The Times, They Are A-Changin'

The Times, They Are A-Changin'

05.04.11 | By Kate Connors

An article in today's Boston Globe refers to biopharmaceutical research companies "dedicating more resources to rare disorders, illnesses that are prevalent in the developing world, and medical conditions that affect minority populations in rich countries."

I can't speak to whether the broad range of ongoing research truly represents an increase (after all, it may vary by company), but I can affirm that it is going strong throughout the sector.

Our medicines in development reports demonstrate this: just see the reports on rare diseases, on African-American populations, on infectious diseases, and more.

The article, which highlights an ongoing two-day health equity symposium in Massachusetts that aims to bring together industry, academia, government researchers and policymakers, also addresses the ways that evolving science is changing the ways in which companies pursue their clinical research, naming personalized medicine as one key example that could continue to evolve.

The Globe quotes sanofi-aventis CEO and PhRMA chairman of the board Chris Viehbacher: "'People might say if you follow personalized medicine to an extreme, every disease is a rare disease.'"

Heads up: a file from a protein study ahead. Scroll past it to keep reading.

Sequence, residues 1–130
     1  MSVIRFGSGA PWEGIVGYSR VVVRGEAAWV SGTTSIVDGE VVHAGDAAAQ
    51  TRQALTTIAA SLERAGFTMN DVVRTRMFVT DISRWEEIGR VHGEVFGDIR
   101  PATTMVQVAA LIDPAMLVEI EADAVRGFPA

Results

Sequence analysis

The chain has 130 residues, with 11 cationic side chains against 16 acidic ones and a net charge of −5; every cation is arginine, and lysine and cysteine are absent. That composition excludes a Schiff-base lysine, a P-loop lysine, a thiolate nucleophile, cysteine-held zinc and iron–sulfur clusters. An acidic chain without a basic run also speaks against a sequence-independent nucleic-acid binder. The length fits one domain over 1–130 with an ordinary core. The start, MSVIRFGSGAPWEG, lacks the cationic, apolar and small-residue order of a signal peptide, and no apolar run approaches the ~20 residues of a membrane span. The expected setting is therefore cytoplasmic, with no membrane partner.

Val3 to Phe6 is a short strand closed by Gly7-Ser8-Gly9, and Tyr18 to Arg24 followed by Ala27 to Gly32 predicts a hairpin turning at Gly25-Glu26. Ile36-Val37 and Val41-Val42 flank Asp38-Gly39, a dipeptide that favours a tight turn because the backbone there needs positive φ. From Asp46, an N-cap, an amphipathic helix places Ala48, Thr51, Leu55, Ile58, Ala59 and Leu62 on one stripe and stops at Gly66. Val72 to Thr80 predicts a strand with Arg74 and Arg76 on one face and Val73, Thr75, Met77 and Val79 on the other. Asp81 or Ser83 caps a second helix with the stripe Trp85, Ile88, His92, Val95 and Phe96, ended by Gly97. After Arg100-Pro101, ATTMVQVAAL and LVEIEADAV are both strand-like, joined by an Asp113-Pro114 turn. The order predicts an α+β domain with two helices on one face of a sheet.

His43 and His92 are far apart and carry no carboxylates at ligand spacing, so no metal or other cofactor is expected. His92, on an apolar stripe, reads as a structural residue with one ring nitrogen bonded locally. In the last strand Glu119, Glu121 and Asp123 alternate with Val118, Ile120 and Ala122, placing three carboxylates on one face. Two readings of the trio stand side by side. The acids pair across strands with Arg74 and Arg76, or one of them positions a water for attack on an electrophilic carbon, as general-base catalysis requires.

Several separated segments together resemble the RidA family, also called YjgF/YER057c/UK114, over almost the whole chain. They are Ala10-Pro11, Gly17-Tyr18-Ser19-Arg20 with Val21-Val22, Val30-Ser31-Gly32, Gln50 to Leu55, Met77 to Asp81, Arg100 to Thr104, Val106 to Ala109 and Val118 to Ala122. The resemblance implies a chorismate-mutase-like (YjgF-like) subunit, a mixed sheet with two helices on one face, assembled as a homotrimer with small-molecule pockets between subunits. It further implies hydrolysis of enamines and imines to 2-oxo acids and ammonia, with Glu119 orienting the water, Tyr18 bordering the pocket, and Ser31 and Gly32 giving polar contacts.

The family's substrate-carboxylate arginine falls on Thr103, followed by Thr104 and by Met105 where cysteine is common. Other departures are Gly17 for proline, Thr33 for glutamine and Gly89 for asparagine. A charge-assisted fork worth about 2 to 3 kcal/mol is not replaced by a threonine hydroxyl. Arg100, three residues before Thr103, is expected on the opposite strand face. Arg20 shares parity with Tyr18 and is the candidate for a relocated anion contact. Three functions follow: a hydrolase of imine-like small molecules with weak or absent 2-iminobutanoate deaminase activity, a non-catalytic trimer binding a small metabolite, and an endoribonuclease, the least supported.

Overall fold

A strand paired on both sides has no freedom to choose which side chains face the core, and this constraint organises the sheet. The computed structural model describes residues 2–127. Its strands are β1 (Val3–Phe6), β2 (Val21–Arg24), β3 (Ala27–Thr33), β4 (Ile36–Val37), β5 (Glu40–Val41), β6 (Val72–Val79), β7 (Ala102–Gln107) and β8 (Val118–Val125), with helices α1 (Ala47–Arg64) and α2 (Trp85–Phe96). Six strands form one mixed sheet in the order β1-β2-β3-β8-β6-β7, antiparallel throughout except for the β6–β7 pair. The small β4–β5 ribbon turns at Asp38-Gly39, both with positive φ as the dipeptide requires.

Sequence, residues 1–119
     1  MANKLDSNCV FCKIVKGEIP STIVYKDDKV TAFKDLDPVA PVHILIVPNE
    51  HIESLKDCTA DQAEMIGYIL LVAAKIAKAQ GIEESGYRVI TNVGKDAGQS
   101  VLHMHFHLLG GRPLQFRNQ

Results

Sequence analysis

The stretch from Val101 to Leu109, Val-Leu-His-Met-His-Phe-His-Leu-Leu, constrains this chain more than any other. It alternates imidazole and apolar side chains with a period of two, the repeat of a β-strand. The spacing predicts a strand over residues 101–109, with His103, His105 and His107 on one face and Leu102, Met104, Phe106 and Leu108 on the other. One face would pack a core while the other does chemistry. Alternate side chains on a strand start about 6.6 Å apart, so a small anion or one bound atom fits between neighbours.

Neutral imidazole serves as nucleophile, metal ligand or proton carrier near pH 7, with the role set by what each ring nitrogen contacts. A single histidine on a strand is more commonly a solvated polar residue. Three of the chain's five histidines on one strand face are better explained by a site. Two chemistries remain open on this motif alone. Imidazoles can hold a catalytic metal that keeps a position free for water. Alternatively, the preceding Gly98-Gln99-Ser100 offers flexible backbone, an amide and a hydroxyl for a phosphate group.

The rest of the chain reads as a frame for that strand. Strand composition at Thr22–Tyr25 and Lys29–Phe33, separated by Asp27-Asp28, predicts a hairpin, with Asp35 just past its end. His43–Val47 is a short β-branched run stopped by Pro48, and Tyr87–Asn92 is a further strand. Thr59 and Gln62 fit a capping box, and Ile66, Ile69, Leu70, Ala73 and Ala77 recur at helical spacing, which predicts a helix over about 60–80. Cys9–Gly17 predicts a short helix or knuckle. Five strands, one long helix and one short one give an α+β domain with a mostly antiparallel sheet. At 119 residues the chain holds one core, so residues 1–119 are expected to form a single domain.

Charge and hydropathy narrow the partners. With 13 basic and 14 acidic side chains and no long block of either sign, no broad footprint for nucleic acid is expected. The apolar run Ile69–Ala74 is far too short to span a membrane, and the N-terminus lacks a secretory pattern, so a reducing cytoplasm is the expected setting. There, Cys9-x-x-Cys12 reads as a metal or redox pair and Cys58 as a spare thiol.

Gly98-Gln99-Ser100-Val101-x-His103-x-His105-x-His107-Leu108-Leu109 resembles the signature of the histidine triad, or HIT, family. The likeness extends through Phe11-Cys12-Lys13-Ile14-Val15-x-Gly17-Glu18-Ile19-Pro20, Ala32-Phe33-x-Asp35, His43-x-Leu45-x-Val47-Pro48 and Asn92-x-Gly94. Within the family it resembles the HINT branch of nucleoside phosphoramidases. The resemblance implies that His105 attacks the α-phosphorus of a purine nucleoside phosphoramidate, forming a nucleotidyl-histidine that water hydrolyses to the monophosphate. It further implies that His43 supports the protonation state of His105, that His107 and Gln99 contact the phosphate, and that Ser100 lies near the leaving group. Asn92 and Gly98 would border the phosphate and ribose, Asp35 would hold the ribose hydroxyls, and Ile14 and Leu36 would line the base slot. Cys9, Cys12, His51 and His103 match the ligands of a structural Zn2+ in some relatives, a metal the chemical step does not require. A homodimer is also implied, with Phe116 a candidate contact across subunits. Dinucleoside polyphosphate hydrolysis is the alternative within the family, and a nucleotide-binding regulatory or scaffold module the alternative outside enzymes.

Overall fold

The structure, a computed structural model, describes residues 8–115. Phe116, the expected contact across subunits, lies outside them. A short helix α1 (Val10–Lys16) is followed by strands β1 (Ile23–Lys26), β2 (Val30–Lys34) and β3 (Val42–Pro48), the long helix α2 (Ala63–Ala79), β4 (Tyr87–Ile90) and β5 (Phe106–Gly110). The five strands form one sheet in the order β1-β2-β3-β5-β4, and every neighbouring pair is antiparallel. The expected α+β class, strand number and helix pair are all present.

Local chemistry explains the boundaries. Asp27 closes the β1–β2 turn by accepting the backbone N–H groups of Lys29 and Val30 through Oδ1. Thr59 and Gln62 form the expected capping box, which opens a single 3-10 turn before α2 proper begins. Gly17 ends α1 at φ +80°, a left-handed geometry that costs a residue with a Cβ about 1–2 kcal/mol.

Beyond medicines to target specific populations or medicines, the article also addresses expanding clinical research that evaluates how existing medicines - or simply medicines intended for a more-common illness - may affect specific under-represented populations.

"Minority populations may be more susceptible to certain diseases, such as diabetes and hypertension, and may respond differently to medications," the article says.

Kenneth Getz, founder and chairman of the Center for Information and Study on Clinical Research Participation in Boston, explained: "When we think of the growth of the minority populations in our nation, this points to the need for us to be smarter and more targeted in the way we design our studies and the way we test in patient populations."

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